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AAFA: How Technology is Driving Change in Selling and Sourcing

Technology is transforming the retail industry faster than most can fathom, but the American Apparel & Footwear Association is keeping its members abreast of what’s happening.

At the Association’s 2014 Annual Executive Summit last week, industry leaders talked all things tech and addressed what businesses will have to do to remain relevant in the very near future.

Kurt Cavano, GT Nexus founder, chairman and chief strategy officer spoke at the summit’s opening session and said we are entering “The New Machine Age.” It’s becoming increasingly easier to develop and adopt new technologies, and the changes are happening fast, he noted.

According to Cavano, Bill Gates put it best when he said, “We always overestimate the change that will occur in the next two years and underestimate the change that will occur in the next ten. Don’t let yourself be lulled into inaction.”

Innovate or die may be the latest buzz phrase in the industry, and while the notion has never been truer, retailers will have to start implementing new ideas to keep pace with the changing consumer.

It wouldn’t have been a tech talk without mentioning Amazon’s futuristic mini drone delivery service called Amazon Prime Air, which could soon be delivering orders to consumers via an octocopter that loads itself and then uses GPS to travel to a shipping address within thirty minutes.

“We are all chasing Amazon,” Cavano said. But one tip Cavano gave for staying at the forefront of what’s happening with technology is to explore what innovators are doing on Kickstarter. Because of the crowd-funding concept behind the platform, young designers are able to do things “completely riskless” which fosters unhindered creativity.

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Cavano also discussed the concept of “Collaborative Commerce,” the new sharing model behind brands like ZipCar and Uber, a new app that lets you call a driver at the touch of a smartphone button.

“Millennials are happy to not own,” Cavano said. “They are happy to share.”

In terms of the apparel industry specifically, companies like Threadflip, which lets users buy and share second-hand clothing from their closets, and Bib + Tuck, a fashion swap site where users can sell items from pre-approved brands, are also capitalizing on the sharing model.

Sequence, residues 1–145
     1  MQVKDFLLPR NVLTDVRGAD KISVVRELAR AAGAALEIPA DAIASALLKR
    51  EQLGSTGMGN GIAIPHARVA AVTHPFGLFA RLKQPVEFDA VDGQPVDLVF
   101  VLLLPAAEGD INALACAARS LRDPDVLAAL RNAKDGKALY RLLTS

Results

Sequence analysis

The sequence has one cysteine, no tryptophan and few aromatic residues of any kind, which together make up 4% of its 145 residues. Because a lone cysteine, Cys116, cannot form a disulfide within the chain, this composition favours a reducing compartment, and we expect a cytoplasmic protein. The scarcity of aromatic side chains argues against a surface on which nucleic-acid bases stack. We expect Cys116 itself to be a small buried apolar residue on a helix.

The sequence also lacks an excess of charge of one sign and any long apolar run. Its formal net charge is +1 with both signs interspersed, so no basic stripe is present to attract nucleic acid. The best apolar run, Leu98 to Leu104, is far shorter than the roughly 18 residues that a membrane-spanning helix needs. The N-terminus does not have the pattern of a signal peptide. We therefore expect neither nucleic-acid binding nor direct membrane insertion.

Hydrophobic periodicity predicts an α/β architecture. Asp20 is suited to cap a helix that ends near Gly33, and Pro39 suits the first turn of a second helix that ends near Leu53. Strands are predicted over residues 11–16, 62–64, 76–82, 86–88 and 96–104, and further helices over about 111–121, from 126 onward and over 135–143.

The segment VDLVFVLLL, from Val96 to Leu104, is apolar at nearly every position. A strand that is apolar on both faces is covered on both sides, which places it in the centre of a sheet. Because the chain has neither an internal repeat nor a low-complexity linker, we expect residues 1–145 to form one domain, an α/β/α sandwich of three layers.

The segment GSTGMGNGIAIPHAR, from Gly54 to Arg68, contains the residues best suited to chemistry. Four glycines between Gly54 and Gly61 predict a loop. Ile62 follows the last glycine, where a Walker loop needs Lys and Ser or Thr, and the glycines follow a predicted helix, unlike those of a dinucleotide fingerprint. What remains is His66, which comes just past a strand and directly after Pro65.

At StoreEnvy, a virtual mall of sorts, emerging brands can launch custom stores in a matter of minutes. With online store builder Shopify, users can create an e-commerce site in less than half an hour. “On a Saturday afternoon, you can start a whole store,” Cavano said.

Additive manufacturing, or 3D printing is another transformative trend in the industry and the advent of at-home printing looms could change the landscape of ready-to-wear. OpenKnit, a loom-like device can turn 3D printing files into finished knitted clothing and while the company is still tweaking the technology, the goal is to soon be able to allow consumers to make custom clothing at home.

Digital printing has quickly risen in popularity and with the advances in technology, it just keeps getting cheaper to print, Cavano said. Consumers can now print digitally for as little as $0.50 per square foot.

Then there’s the whole notion of omnichannel: creating a seamless experience that lets consumers shop anytime, anywhere. Also, the offerings arising that allow for that easy experience will be vital for retailers.

The concept behind commerce platform Mozu is “Limitless Commerce,” the kind of experience today’s shopper is constantly seeking. Mozu helps business manage their entire online presence in one place from commerce to branding to customer engagement and publishing. ”It’s putting an omnichannel front-end wrap on your back office,” Cavano said.

With Bonobos Guideshops, men can walk into a showroom of sorts, get fit and style advice from expert guides and then any purchases made are delivered to their doorstep within a couple of days.

At Yihaodian, Walmart China’s e-commerce business, customers engage in 2D commerce and peruse virtual aisles, select the groceries they want, and the goods in their “shopping cart” get delivered home later that day.

Because many of today’s retail offerings and services are happening online and operating costs are going down, it’s getting more affordable for retailers to offer better services.

Since Blue Nile, an online fine jewelry retailer, operates solely on the web, it’s able to offer diamonds and gemstones at much more affordable rates. And a company called 20×200 is doing the same thing for high-end art.

“This technology is empowering a whole new set of disrupters,” Cavano said. “Take a look at what the technology is doing and how it is empowering people to grow so fast that they are changing the world.”

And when it comes to innovation, expansion and growth, “Don’t just think about going overseas,” Cavano said, “Overseas is coming here.” China-based based e-commerce giant Alibaba Group just announced they’d be opening virtual store fronts in the U.S., Cavano explained.

Cavano’s final takeaway for the audience: “Follow the Geeks,” he said. “The geeks are changing the world.”